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Asheville winter submerges us, weeks of unseasonable cold expanding January into multiples of its actual duration. My beer-loving colleague — let’s refer to him as “Jim” — is in town for a client meeting he celebrated as an excuse to visit my peak-brewery town, weather be damned. His old friend, whom we shall call Kurt — some of whose money I manage (well, if I do say so myself) — has tagged along for a sexagenarian Hangover. Both wives bowed out of the trip with a set of excuses as carefully crafted as a local IPA. Jim and I make plans to drink and dine after our wispy meeting and take leave of one another so that I can collect my son from kindergarten, and he can begin beer sampling with Kurt.

When I next encounter Jim, he and Kurt are hours into their tasting tour and have bellied up to the long communal table at the Wicked Weed brewery. I wedge myself into a space between Jim and a non-English-speaking couple (German I think —consonant-tinged beer terminology like hefeweizen seems easy on their tongues.) I shake hands with Kurt across the farmhouse table, take stock of his heavy lids and irrepressible — charming, I admit — smile, the kind of face that only alcohol can paint. Kurt’s hand doesn’t as much shake mine as allow mine to rest in it, with a tingle that surprises me. More… “#MeSomething”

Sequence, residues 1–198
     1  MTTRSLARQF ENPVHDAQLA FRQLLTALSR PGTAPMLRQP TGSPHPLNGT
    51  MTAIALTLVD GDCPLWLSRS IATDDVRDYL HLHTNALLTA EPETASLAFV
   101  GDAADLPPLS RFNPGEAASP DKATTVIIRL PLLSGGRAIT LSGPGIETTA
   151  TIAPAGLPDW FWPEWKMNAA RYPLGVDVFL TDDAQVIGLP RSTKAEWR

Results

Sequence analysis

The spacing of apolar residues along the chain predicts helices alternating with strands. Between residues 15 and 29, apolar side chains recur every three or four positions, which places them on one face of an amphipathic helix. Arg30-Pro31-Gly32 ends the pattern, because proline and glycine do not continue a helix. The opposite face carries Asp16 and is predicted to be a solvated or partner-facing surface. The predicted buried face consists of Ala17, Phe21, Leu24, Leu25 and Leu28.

Ellen Carr is a bond portfolio manager and adjunct finance professor. She lives in Asheville, NC.

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A scene in the “new hit series” The Killing seemed déjà-vu familiar, until I realized it’s a standard moment in crime dramas. The victim’s parents are in the police station to answer some questions, and they accidentally come across the crime scene photos. The warm body of the daughter they knew and loved has become the cold corpse the police treat casually. Maybe they overhear a callous gallows-humor joke made by a detective. Their daughter’s dismembered body is cut into even smaller pieces by the police camera as it zooms in on her bound wrists, her broken nails left bloody stumps from trying to claw her way out of captivity, the petechial hemorrhage pinking the white of her eyes. The viewer is not allowed the same reaction as the parents. What they see as defilement, we see as aesthetics. When the body of the young girl is discovered, her body… More…